Stiehm, Jamie


So you heard about Zaila Avant-garde winning the National Spelling Bee — the first Black girl to do so at the Scripps event. The truly avant-garde girl, 14, caused a sensation.

But have you heard of Marie Bolden winning the very first National Spelling Bee in 1908? The dignified Black girl from Cleveland caused a stir in America. The news traveled to African tribes.

Zaila and Marie hold the same place in American history: advancement through spelling. There’s nothing more American than a spelling bee. All have “a fair and even chance,” as my great-grandfather put it.

Out on the prairie, spelling bees were good fun. In cities, they helped to Americanize English. I love them, an inherited trait.

Five hundred schoolchildren landed in Cleveland in summer to compete, representing 34 cities like Boston, Buffalo and New Orleans. They went boating on Lake Erie, as pictured in The Plain Dealer. Civic pride ran high.

City teams were invited by my great-grandfather, Warren E. Hicks, to “bee” the stars at the Hippodrome’s grand opening.

It was a wonderful way to show off Cleveland, the fifth largest city in the U.S., with its thriving immigrant enclaves from Germany, Poland and Russia.

Hicks was the assistant superintendent of schools. A jaunty man in his 40s, he loved putting on a big showcase for public schools. He was a storyteller in speeches, and I have a recording of him telling this tale.

But a problem rocked Cleveland. New Orleans teachers spied a “colored girl” on the host team, Marie. They threatened to boycott the bee. They were favored to win, the Southern girls and one boy.

Jim Crow was alive and kicking in 1908. Lynchings were rising. Brown v. Board of Education, the Supreme Court case that struck down public school segregation, was decades down the line.

The New Orleans teachers declared they didn’t take pupils on the train up North to “compete with the colored.” That was against their school creed. Racial mixing was against the law where they came from.

The tempest created a crisis for Hicks and Cleveland. Teachers were converging for a convention. The mayor and John D. Rockefeller were invited to the Euclid Avenue spectacle.

Booker T. Washington, the great educator, was to give a keynote address to teachers.

Hicks and his boss met with the New Orleans teachers. As he said, “We held out our friendly hand.” Marie earned her place on the squad — in last place.

The Hough School girl would stay in the first National Spelling Bee. Hicks pressed New Orleans to stay and spell that Saturday in the first National Spelling Bee.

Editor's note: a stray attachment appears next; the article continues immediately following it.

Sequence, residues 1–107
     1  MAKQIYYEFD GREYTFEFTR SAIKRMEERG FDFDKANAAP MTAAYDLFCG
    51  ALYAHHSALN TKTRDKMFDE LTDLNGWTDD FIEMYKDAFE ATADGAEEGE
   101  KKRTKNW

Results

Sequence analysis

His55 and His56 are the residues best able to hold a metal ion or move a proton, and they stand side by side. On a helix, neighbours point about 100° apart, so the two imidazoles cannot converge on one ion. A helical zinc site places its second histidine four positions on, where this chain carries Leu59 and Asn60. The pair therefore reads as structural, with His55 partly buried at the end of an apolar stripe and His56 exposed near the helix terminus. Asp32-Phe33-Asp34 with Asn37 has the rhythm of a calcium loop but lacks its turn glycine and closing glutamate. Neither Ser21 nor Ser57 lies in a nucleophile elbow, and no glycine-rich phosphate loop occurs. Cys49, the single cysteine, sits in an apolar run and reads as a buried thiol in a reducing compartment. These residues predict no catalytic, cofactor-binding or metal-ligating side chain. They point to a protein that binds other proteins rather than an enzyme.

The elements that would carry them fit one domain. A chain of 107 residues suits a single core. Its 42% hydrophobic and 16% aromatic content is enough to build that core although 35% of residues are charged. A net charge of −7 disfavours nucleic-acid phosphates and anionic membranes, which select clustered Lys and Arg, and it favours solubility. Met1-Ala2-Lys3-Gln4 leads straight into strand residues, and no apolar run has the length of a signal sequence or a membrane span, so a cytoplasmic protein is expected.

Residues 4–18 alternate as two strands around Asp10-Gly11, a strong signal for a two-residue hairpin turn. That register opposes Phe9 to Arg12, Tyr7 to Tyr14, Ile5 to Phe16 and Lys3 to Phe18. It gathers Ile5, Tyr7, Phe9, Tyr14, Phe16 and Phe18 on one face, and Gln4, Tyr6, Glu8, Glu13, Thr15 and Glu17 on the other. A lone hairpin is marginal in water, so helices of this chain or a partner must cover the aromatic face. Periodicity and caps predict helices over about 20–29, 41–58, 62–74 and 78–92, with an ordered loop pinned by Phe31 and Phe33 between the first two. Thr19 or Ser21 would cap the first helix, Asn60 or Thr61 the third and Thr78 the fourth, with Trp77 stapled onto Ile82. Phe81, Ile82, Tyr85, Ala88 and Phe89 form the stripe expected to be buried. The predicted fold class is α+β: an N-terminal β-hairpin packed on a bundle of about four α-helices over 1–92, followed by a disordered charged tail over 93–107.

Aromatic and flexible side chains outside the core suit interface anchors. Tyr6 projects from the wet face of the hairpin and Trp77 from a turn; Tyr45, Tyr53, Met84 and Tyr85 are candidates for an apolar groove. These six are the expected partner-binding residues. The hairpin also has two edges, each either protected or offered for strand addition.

And they did. All went well. The words are saved in my great-grandfather’s champion spelling book. As a little girl I met merry Warren at his 100th birthday party.

What makes me proud: it’s a story of race in the Midwest, not the usual North versus South trope. They did the right thing in 1908 without making a mountain of it.

Ohio’s actions on opposing slavery were first-rate and fierce. Cleveland’s Old Stone Church bells rang out when slavecatchers hit town, a code to fugitive slaves to hide.

Theodore Roosevelt’s Progressive presidency boosted nation building and morale. America was buoyant.

But for Black Americans, the era was far from rosy. The NAACP was founded in 1909 to help right the world of wrongs being done against them.

Marie’s father worked for the post office, a rare avenue of advancement that was open to Black citizens at that time.

The story arc is in the Hicks telling. From last place on her city team, Marie won the whole thing onstage, and didn’t miss a word. She went from studying night and day to a standing ovation in the Hippodrome.

Even the New Orleans girls cheered for the girl born just 30 years after American slavery, within living memory.

My sister and I wrote about this remarkable event after a visit to Cleveland. We located Marie’s daughter, with her beautiful old-lace handwriting.

The cut to exclude her on the basis of race galvanized Marie. She later moved to Canada and became a teacher.

Zaila has large ambitions and scholarship offers. She was a national media darling. And she comes from New Orleans.

History rhymes again.

Jamie Stiehm’s column is distributed by Creators.

(1) comment


Good for them. A brilliant mind is a terrible thing to waste.

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